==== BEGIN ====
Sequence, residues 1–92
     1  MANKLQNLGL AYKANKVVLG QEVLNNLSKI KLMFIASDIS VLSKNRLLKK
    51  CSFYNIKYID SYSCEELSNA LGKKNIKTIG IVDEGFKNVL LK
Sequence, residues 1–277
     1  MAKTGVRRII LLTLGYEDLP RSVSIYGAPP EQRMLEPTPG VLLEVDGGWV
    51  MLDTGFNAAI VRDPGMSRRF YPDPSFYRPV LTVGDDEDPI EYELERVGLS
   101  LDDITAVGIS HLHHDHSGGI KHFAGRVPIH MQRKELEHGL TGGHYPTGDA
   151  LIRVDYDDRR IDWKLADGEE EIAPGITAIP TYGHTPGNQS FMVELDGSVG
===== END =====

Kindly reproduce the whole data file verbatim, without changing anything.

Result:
Sequence, residues 1–92
     1  MANKLQNLGL AYKANKVVLG QEVLNNLSKI KLMFIASDIS VLSKNRLLKK
    51  CSFYNIKYID SYSCEELSNA LGKKNIKTIG IVDEGFKNVL LK
Sequence, residues 1–277
     1  MAKTGVRRII LLTLGYEDLP RSVSIYGAPP EQRMLEPTPG VLLEVDGGWV
    51  MLDTGFNAAI VRDPGMSRRF YPDPSFYRPV LTVGDDEDPI EYELERVGLS
   101  LDDITAVGIS HLHHDHSGGI KHFAGRVPIH MQRKELEHGL TGGHYPTGDA
   151  LIRVDYDDRR IDWKLADGEE EIAPGITAIP TYGHTPGNQS FMVELDGSVG